Before I answer the question in the title, I would just like to explain the terms flatware and cutlery. If one were being pedantic, spoons and forks should be referred to solely as flatware and knives as cutlery. Due to the passage of time, cutlery is now the dominant term for both knives, forks and spoons in England whilst the correct term flatware – for spoons and forks – is still used more commonly (correctly) in America.
A cutler in earlier times only ever made knives and a flatware maker spoons and forks. This is the reason why in an old set of flatware, the knives tend to be made by a different maker. When one considers buying cutlery or flatware (whatever your preference!) it makes little or no sense in buying newly made. Why is that you may ask? Quality and price are the two main reasons. When cutlery was made in the 18th and 19th centuries, and in the early part of the 20th, it was made by the hand forging process.
A spoon and fork were hammered and shaped from a block of silver by hand which was a lengthy and laborious process. Nevertheless, when a spoon or fork is made by hand the repeated hammering and annealing processes involved eventually stiffen the spoon so it will feel like sprung steel if one tries to bend it. When a spoon or fork is made today, or in the last say 80 years, they are generally stamped on a machine which gives the metal far less durability to wear and tear as it lacks the tensile strength of the hand forged product (and also makes the shapes of the bowls of the spoons and tines of the forks less attractive). If the cutlery has a pattern to it, a modern machine-made set would have far less definition than the antique equivalent. It is for these reasons that a 200-year-old cutlery set is generally found in better condition than a 50-year-old machine-made set.
Why do people buy new then? My answer would probably be ignorance (I don’t wish to sound rude). Why would one buy an inferior machine-made modern cutlery set which will cost approximately three times as much as a hand forged antique set from 100 or 200 years ago. If one were to make a modern hand forged set to rival those of yesteryear, one would be talking five times the cost of the antique equivalent. The word for example “handcrafted” or “handmade” is often used today rather disingenuously (it normally means someone at sometime during the machine manufacturing process has touched it!) When making silverware (or most other products) it always must be kept in mind that labour rates were far cheaper years ago (perhaps three to four times lower than today). On the flip side, raw materials were far more expensive – silver compared to today’s inflation adjusted was about four times the price in the 18th century.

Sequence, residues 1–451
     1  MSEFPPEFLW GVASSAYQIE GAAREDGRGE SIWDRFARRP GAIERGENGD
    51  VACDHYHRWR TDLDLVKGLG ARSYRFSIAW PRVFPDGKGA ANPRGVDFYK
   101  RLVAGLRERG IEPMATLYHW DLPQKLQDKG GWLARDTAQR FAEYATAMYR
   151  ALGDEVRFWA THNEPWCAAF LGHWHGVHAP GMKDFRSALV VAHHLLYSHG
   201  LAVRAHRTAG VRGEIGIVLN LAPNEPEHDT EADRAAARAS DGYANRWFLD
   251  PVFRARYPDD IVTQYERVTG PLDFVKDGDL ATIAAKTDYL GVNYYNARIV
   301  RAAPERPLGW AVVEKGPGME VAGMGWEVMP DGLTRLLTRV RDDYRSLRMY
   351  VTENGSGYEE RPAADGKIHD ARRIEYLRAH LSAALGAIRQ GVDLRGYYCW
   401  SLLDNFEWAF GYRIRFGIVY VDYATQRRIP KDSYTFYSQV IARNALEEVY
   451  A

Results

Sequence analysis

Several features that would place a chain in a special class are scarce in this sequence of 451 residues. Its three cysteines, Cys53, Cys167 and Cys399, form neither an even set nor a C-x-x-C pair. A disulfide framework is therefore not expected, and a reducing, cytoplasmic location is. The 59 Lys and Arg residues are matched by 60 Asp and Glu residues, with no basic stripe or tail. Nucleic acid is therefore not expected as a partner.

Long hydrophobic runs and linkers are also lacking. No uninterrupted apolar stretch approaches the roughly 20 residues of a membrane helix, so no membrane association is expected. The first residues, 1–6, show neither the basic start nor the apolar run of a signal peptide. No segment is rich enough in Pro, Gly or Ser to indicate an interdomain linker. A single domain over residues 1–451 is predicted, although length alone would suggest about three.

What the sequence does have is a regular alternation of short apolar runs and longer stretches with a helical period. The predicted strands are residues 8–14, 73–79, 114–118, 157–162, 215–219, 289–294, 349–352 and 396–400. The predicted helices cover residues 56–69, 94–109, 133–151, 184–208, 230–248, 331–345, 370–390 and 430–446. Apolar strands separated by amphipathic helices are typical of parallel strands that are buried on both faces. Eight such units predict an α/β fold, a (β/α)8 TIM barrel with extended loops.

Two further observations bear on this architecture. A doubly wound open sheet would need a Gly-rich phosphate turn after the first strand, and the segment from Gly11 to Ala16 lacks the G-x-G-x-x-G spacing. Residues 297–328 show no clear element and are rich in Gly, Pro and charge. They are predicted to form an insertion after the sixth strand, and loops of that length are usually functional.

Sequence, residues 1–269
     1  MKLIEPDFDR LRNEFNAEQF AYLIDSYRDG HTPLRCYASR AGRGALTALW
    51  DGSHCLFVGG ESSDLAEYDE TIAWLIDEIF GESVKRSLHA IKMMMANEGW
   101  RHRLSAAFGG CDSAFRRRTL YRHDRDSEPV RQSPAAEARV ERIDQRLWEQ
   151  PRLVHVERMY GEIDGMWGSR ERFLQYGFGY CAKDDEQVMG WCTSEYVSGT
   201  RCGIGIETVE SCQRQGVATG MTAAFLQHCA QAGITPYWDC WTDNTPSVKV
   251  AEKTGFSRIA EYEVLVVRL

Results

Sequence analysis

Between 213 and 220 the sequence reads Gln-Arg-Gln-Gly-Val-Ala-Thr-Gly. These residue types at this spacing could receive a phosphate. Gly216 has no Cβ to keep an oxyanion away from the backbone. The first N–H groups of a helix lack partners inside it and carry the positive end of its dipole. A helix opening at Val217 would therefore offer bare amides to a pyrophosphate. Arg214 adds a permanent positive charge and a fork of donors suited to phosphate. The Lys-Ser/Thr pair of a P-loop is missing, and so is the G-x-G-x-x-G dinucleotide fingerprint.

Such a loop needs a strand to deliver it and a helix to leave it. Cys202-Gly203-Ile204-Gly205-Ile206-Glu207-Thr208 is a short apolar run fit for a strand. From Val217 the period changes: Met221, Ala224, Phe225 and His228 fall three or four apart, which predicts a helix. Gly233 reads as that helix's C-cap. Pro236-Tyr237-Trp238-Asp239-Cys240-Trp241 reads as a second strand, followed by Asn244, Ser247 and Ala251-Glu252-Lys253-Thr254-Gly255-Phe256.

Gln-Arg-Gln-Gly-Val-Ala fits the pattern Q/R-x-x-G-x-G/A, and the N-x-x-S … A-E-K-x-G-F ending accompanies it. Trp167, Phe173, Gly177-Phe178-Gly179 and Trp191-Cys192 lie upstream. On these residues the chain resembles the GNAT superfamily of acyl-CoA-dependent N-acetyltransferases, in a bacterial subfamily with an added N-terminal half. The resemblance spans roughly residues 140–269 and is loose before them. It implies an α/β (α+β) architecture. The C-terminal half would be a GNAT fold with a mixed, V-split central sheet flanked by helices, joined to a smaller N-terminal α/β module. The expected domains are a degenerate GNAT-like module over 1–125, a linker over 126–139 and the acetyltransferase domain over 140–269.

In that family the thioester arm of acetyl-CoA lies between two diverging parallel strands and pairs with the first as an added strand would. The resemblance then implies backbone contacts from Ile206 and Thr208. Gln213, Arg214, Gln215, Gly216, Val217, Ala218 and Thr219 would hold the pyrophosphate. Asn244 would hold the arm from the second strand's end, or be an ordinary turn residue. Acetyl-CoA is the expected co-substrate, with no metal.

Antique silver cutlery makes a beautiful statement on any table and is extremely undervalued. I was wandering through a large London department store (I won’t name it!) the other day and stopped to look at a display of modern machine-made cutlery (described as handcrafted). I looked at the individual price list and they were selling a new sterling silver old English pattern table fork for £375. I can sell about four 18th century, beautifully made originals for that price or a set of six forks machine-made (second hand as new). When it comes to knives the debate over old or new shifts somewhat as compared to the debate over spoons and forks.
Customers often come in and say to me “why have I not got any knives with an antique set of cutlery”. Most people don’t realise that stainless steel (as known today) was only invented in 1913. Previous to this, knives were all carbon steel and had to be sharpened and oiled (to prevent corrosion). So although I keep a large stock of early knives – both with original blades and sometimes re-bladed with stainless steel blades – I would often recommend buying more recent knives with antique cutlery sets. Unlike the making of spoons and forks which has clearly regressed over the centuries, knife technology has moved on somewhat. Most pre-First World War knives used a pitch (tar) filling to attach the handle to the blades. Nowadays an epoxy resin is used. This means that modern knives can generally be put in dishwashers. Boiling water or dishwashers would generally cause the blade to come out of the handle on old knives which can be rectified but not ideal. Knives were traditionally made in silver, bone or after about 1915 bakelite or some other composite material as well. Contrary to popular belief, silver can be put in the dishwasher although it is always best to separate the knives. Never let the knife blades touch the rest of the spoons and forks as there is a chance that the stainless-steel blades will get marked due to a form of electrolysis that takes place between the silver and the steel. The use of silver cutlery apart from aesthetic considerations is also beneficial on a hygiene and health level. Silver, along with gold and to a lesser extent copper, has a powerful antibacterial effect which stainless steel doesn’t. Any germs that touch silver are neutralised (even if you haven’t cleaned the silver).
At William Walter Antiques we have an enormous quantity of antique silver flatware and cutlery both in the form of complete sets and loose pieces. Many clients are missing a few pieces from their existing sets, and we are normally able to help.
If you have any queries concerning flatware/cutlery, please do not hesitate to contact us. We also probably have one of the largest collections of early spoons – including the earliest hallmarked spoon in the world for sale at the moment (1528) and the finest set of twelve Tudor period spoons seen this century.
If you see something in Archive that you would have liked please contact us as we might be able to source